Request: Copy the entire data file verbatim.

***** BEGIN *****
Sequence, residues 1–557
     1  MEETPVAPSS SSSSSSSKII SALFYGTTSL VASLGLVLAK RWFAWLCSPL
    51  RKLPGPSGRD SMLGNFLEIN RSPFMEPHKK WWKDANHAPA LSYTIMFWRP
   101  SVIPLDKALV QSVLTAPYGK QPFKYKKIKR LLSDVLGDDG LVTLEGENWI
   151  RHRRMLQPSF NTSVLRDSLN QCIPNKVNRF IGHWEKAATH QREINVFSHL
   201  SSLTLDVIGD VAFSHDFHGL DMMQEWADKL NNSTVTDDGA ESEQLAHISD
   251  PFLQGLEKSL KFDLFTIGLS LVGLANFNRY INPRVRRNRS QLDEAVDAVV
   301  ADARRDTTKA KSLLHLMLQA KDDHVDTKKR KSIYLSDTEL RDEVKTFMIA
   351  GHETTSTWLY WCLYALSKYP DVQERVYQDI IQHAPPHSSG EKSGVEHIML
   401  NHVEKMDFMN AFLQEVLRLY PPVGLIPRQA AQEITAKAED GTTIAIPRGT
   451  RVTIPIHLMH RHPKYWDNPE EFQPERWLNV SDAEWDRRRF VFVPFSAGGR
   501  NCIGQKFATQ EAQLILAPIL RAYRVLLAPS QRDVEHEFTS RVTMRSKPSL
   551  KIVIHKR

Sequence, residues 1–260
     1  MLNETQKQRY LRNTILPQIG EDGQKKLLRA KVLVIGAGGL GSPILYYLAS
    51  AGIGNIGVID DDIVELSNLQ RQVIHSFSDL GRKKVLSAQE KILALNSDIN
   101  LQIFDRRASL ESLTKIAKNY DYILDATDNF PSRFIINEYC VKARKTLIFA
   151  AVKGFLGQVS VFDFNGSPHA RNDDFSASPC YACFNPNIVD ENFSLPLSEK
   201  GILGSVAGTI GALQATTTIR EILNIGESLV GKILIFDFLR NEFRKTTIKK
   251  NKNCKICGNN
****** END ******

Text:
Sequence, residues 1–557
     1  MEETPVAPSS SSSSSSSKII SALFYGTTSL VASLGLVLAK RWFAWLCSPL
    51  RKLPGPSGRD SMLGNFLEIN RSPFMEPHKK WWKDANHAPA LSYTIMFWRP
   101  SVIPLDKALV QSVLTAPYGK QPFKYKKIKR LLSDVLGDDG LVTLEGENWI
   151  RHRRMLQPSF NTSVLRDSLN QCIPNKVNRF IGHWEKAATH QREINVFSHL
   201  SSLTLDVIGD VAFSHDFHGL DMMQEWADKL NNSTVTDDGA ESEQLAHISD
   251  PFLQGLEKSL KFDLFTIGLS LVGLANFNRY INPRVRRNRS QLDEAVDAVV
   301  ADARRDTTKA KSLLHLMLQA KDDHVDTKKR KSIYLSDTEL RDEVKTFMIA
   351  GHETTSTWLY WCLYALSKYP DVQERVYQDI IQHAPPHSSG EKSGVEHIML
   401  NHVEKMDFMN AFLQEVLRLY PPVGLIPRQA AQEITAKAED GTTIAIPRGT
   451  RVTIPIHLMH RHPKYWDNPE EFQPERWLNV SDAEWDRRRF VFVPFSAGGR
   501  NCIGQKFATQ EAQLILAPIL RAYRVLLAPS QRDVEHEFTS RVTMRSKPSL
   551  KIVIHKR

Sequence, residues 1–260
     1  MLNETQKQRY LRNTILPQIG EDGQKKLLRA KVLVIGAGGL GSPILYYLAS
    51  AGIGNIGVID DDIVELSNLQ RQVIHSFSDL GRKKVLSAQE KILALNSDIN
   101  LQIFDRRASL ESLTKIAKNY DYILDATDNF PSRFIINEYC VKARKTLIFA
   151  AVKGFLGQVS VFDFNGSPHA RNDDFSASPC YACFNPNIVD ENFSLPLSEK
   201  GILGSVAGTI GALQATTTIR EILNIGESLV GKILIFDFLR NEFRKTTIKK
   251  NKNCKICGNN